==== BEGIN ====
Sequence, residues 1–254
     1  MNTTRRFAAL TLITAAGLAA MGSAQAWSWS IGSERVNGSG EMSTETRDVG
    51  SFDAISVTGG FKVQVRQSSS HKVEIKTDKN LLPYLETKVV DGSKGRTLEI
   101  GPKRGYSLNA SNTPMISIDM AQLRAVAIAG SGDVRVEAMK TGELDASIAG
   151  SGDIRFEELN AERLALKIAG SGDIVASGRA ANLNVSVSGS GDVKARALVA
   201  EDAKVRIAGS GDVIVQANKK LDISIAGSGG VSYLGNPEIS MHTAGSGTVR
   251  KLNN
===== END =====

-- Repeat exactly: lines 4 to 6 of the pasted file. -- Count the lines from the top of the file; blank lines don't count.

   101  GPKRGYSLNA SNTPMISIDM AQLRAVAIAG SGDVRVEAMK TGELDASIAG
   151  SGDIRFEELN AERLALKIAG SGDIVASGRA ANLNVSVSGS GDVKARALVA
   201  EDAKVRIAGS GDVIVQANKK LDISIAGSGG VSYLGNPEIS MHTAGSGTVR